A Myanmar man who risked his life to jump off a boat can apply for asylum in New Zealand

Myanmar nation can legally reside in the country while following immigration procedures, the official said.

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A Myanmar man who threw himself into a freight car off the coast of New Zealand will be allowed to stay in South Africa while his case is being considered by immigration officials.

A 27-year-old man was rescued last week from the east coast of New Zealand's North Island, near the town of Gisborne.

Identified by the New Zealand Herald as Min Naing, the man told the newspaper he was "just waiting to die" after the water soaked in the immersion suit he had been wearing for hours. NBC News could not be reached for comment.

He said his family was part of a small Hindu group in Myanmar with a large Buddhist population, which the military took over in February, and that they had taken part in anti-democratic protests against the military. He said he feared for his life when he returned.

Min Naing could not be reached for comment by NBC News.

New Zealand police say they began a search and rescue operation on November 2 after a man, a member of staff, was reported missing on a ship. He had last been seen riding the day before.

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Andrew Gaddum, Eastland Group's regional infrastructure officer at Gisborne Harbor, said port workers had rescued the man about a mile and a half from the shore.

“Our crew on pilot Rere Moana's boat left at 3:30 p.m. and they were very happy and relieved to see him floating in the water an hour later, ”he said.

Officials later said the man was in police custody and had been hospitalized with hypothermia.

Fiona Whiteridge, general manager of refugees and immigrants at Immigration New Zealand, confirmed on Thursday that the man was in the country "and could legally reside here while they continue their immigration procedures to determine if they can stay in New Zealand."

The agency did not say whether we had received any asylum application, citing confidentiality laws. The man's lawyers in New Zealand declined to comment.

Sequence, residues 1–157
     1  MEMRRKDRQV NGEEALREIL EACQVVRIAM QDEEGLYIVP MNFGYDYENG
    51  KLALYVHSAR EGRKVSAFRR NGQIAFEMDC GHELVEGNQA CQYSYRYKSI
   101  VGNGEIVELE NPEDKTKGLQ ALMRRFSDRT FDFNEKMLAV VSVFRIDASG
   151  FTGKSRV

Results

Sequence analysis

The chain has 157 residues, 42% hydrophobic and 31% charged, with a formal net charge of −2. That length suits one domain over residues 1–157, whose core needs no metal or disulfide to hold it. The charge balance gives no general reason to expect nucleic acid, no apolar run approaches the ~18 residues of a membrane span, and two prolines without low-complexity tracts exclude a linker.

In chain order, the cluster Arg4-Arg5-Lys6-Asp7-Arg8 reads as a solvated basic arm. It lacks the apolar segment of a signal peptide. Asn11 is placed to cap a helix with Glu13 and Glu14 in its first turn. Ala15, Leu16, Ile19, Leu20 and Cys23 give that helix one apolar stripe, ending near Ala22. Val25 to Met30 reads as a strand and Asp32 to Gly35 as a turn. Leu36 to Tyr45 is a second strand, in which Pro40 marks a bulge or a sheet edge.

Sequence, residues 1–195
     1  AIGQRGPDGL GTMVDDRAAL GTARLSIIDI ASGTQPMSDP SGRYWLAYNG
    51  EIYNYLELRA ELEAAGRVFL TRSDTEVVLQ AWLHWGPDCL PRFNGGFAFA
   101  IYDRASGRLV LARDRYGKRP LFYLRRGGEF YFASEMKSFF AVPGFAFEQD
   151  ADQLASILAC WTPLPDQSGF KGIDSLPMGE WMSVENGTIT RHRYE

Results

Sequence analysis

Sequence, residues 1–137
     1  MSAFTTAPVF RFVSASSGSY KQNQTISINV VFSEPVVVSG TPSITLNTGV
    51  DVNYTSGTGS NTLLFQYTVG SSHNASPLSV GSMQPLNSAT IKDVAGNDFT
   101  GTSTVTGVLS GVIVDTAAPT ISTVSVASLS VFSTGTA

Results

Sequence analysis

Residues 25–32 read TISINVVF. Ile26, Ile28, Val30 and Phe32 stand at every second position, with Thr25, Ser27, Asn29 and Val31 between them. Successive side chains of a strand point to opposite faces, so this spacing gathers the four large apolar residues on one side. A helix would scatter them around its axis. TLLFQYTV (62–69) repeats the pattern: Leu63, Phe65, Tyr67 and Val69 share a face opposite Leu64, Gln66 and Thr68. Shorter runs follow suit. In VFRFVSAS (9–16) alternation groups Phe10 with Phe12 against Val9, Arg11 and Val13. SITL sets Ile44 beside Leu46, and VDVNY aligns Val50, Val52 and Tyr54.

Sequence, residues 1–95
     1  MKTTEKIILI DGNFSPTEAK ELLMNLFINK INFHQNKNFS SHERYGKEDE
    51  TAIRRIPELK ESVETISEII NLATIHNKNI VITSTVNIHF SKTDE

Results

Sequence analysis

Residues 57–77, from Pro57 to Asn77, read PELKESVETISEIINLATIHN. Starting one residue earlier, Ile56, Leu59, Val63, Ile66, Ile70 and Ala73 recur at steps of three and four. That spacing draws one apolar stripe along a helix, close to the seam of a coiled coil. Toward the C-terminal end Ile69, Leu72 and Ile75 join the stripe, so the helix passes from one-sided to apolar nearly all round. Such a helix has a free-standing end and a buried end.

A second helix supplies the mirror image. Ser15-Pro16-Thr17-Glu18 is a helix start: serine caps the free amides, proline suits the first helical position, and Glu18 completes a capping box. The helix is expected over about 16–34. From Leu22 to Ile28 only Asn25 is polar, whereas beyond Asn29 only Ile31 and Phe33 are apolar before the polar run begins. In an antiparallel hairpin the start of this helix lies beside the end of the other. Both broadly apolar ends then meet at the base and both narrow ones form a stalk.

Since the military took power on February 1, ousting democratically elected leader Aung San Suu Kyi, hundreds of thousands of people across Myanmar have been displaced by the violence, while major protests have been met with deadly forces.

Protesters joined protests in Yangon, Myanmar, in July. AFP via Getty Images file

James Kariuki, Britain's United Nations High Commissioner for Refugees, said this week the military formation in the northwestern state of China was similar to its 2017 mission before the massive violence against the Rohingya, a small Muslim group persecuted by the Myanmar government long ago.

Human rights groups claim that the human condition is rapidly deteriorating. Martin Griffiths, United Nations Secretary-General, said this week more than three million people needed help.

"They are in a very dangerous situation," said Shamsul Alam, a member of the Myanmar Rohingya community living in Auckland, New Zealand. "They need to be rescued."

Tin Ma Ma Oo, a spokesman for Democracy for Myanmar Working Group New Zealand, said Min Naing's amazing arrival may not be the last of its kind.

"We have a lot of emails and messages," he said. “People ask in despair: We would like to come to New Zealand, how can we go there? Even if we have to do any kind of work, what do we need to do? We just took it out. ”

"We had one of the crew send me a text message saying, 'I'm currently working on a boat, and if I jump in the boat, do you think I can ask for asylum?'"

The group is asking Parliament to allow the resettlement of 1,000 Myanmar refugees and their New Zealand families. New Zealand has an annual population of 1,500 refugees, the lowest number among Western democracies and refugee lawyers and the Burmese community of New Zealand who say the country should consider an increase due to the Myanmar crisis.

Behrouz Boochani, a Kurdish-Iranian writer and New Zealand refugee lawyer, said the country has the potential to do more.

New Zealand "should bear more responsibility as a developing country" to support victims of human rights abuses, especially those fleeing persecution, said Boochani, who spent years in Australia's highly criticized anti-asylum program.

Alexander Gillespie, a professor of international law at the University of Waikato in Hamilton, New Zealand, said he did not expect that to happen, noting that New Zealand did not follow the United States and Australia in expanding its territory to accommodate people fleeing the recent Taliban occupation. Afghanistan.

"If we can get more quota with Afghanistan, I think we are less likely to get one with Myanmar," he said.

CORRECTION (Nov. 12, 2021, 02:45 a.m. ET): The previous article in this article discusses the current state of affairs in Myanmar. He may apply for asylum in New Zealand, but it is unclear if he is doing so at the moment.